According to Class Law’s figures, the £5 charge will mean a 16 per cent tax rise for any motorist earning £30,000 a year – or a 7 per cent drop in income. But making a legal case for exemptions and reductions will cost £500,000 – funds yet to be forthcoming. Besides which, as Class Law admits, “We have to give the court a jolly good reason why this is happening so late in the day.” Whether the case goes ahead will be decided in the next two weeks.
This is the most sober end of the campaign, where the principle, at least, of a charge is accepted. Next comes the Association of British Drivers, a pressure group whose spokesman makes an argument for doing away with it altogether. Pointing out that the volume of traffic in central London has actually fallen over the past decade, Tony Vickers contends that the real problem is “the artificial congestion, caused by bus and cycle lanes and traffic light rephasing. I know it sounds regressive, but I would reverse 90 per cent of the traffic-calming and sclerotic measures introduced in the past ten years. Keep the traffic moving. Just keep the traffic moving.”
Isn’t it worth even trying an experiment? If Vickers is proved right, and the charge fails to reduce traffic, “because a surplus of ‘optional’ drivers doesn’t exist to be deterred”, the mayor promises to drop it. “But once the Greater London Authority relies on the income, how will they be able to get rid of it? It’s going to become a mobility tax, and that’s all. It’s hard enough to introduce these things – but it’s much harder to get rid of them.”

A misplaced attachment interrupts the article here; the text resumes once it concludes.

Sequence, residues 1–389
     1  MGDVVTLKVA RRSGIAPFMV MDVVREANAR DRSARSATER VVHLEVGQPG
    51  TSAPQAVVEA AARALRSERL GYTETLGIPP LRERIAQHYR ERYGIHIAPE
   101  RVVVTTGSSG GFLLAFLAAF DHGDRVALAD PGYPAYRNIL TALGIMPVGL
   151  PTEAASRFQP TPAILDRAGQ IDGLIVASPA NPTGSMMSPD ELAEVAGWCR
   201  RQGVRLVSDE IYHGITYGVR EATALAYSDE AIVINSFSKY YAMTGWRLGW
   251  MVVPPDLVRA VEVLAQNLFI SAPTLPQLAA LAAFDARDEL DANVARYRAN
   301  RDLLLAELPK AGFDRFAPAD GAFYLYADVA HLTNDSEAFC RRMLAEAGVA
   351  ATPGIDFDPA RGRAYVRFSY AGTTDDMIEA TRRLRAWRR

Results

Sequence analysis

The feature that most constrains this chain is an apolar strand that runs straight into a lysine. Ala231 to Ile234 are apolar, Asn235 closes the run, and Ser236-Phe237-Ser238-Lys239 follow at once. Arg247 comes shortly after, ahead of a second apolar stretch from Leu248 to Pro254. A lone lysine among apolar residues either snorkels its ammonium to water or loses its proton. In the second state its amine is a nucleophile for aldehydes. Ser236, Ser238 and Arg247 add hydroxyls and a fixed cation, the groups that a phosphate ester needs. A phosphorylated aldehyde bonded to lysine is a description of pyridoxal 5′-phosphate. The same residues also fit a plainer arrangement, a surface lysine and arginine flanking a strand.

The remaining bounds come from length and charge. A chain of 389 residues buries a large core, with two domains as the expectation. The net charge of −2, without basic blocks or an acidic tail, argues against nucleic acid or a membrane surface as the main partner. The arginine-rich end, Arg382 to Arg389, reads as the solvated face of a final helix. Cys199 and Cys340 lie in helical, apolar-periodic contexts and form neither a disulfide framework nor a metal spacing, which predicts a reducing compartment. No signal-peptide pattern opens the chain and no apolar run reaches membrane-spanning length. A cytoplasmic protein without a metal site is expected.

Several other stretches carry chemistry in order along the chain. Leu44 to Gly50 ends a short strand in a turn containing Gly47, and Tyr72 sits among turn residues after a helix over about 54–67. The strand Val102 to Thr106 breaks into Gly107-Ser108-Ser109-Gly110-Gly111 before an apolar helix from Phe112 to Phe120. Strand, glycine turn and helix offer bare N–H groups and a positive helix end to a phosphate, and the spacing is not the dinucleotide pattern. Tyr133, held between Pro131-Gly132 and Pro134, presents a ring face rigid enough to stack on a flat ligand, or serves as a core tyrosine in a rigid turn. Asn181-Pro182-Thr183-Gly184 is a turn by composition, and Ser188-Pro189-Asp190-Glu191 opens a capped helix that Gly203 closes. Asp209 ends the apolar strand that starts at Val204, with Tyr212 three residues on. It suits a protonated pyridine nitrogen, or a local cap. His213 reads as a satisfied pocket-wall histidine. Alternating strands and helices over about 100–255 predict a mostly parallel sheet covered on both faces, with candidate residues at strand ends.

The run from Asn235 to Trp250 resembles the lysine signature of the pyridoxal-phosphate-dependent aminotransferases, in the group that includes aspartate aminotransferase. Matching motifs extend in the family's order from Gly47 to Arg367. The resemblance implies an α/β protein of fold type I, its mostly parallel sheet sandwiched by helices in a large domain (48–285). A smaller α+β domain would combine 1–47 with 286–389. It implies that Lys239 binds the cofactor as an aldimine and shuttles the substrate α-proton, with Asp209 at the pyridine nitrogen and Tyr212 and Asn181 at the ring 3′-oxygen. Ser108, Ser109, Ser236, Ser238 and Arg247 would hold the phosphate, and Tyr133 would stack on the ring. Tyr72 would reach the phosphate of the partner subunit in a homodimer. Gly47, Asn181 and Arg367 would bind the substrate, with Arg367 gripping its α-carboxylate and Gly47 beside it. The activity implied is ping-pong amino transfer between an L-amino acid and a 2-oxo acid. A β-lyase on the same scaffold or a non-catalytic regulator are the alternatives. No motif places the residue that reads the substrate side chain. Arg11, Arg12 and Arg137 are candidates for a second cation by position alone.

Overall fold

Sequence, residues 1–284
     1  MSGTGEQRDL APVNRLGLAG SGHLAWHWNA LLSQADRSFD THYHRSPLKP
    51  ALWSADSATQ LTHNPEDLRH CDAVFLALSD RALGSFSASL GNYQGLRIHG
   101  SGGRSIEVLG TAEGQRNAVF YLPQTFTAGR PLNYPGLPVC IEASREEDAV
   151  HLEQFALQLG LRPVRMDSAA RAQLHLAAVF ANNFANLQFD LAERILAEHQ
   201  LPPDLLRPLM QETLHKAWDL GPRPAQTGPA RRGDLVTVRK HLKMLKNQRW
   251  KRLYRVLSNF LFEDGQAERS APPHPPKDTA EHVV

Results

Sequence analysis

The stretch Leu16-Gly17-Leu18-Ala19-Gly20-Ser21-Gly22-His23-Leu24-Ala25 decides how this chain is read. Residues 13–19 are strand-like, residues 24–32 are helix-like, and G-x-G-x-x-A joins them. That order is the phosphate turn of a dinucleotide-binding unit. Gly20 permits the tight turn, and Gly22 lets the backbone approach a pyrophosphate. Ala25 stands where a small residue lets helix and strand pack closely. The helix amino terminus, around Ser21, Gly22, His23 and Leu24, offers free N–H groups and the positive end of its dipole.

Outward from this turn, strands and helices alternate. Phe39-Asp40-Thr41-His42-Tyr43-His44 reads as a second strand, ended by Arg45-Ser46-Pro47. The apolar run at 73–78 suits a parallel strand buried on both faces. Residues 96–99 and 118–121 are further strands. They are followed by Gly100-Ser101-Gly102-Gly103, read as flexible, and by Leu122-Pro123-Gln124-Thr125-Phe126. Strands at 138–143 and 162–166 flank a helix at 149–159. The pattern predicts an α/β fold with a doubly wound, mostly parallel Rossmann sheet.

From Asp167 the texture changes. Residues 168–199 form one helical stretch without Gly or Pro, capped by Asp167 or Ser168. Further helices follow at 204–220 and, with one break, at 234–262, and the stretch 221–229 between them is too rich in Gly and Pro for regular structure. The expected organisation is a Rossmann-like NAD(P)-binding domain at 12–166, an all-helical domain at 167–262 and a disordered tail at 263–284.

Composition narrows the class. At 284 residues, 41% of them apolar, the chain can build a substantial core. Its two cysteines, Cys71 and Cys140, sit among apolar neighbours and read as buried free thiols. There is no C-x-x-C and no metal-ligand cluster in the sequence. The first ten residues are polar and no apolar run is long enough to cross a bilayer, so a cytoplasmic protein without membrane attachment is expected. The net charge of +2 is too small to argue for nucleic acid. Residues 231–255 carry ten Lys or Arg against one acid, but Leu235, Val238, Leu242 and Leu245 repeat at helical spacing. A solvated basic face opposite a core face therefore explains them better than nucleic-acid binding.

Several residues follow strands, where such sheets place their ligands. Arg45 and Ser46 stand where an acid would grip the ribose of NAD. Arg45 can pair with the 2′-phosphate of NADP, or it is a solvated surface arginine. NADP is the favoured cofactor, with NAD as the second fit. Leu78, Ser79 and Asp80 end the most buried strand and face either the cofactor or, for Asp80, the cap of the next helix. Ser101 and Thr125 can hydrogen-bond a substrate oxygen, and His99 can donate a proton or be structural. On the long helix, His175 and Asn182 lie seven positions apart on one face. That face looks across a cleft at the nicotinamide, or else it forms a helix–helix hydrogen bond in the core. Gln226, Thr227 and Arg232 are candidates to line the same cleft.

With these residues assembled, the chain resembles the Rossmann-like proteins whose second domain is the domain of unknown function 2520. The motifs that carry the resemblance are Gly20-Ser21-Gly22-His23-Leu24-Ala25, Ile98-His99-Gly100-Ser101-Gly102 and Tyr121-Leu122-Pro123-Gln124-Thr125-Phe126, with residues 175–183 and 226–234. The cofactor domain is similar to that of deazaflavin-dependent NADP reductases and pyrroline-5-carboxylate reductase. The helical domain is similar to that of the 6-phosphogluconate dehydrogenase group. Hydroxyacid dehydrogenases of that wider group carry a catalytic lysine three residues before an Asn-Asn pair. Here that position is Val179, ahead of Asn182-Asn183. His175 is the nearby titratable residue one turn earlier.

Vickers makes a good case, but the Association of British Drivers keeps a low profile. Far noisier is the Sod-U-Ken website, set up by a pair of working mothers last October, originally as a protest against roadworks. “I thought, this will be funny,” explains Catherine Crawley, 35, a PR from south London. “But it’s gone bonkers.”
Sounding slightly stunned, she describes the response to Sod-U-Ken. To date more than 18,000 people have visited the site, and its petition carries more than 3,000 signatures.
“It’s quite bizarre. The whole thing has taken on a life of its own, it’s not really my idea any more. I’ve made a world that other people live in; some of them are in there for six or seven hours a day.”
Sod-U-Ken is not the only anti-charge site – nor even anything like the most obsessive. That distinction must go to www.london-congestioncharge.co.uk, which carries the slogan “Kill Kenny’s new poll tax” and is the work of a railway worker from Croydon called Jim.
Jim’s obsession with the congestion charge began in earnest last summer, when he noticed the cameras being installed. “I thought, bloody hell. These big, black, evil, menacing things. They look really sinister, like something out of Big Brother. Like a police state, basically.”
Since then, Jim has been on the phone to Transport for London, Liberty, the British Motorcycle Federation, various motoring correspondents, Private Eye, the British Library, the American embassy, the Foreign Office, the Washington Post, and many others. “I’m not a great one for conspiracy theories,” he says. But his extensive research has led him to the view that the firm contracted to run the scheme, Capita, is “definitely a front for MI5” and is “out to take over the world”.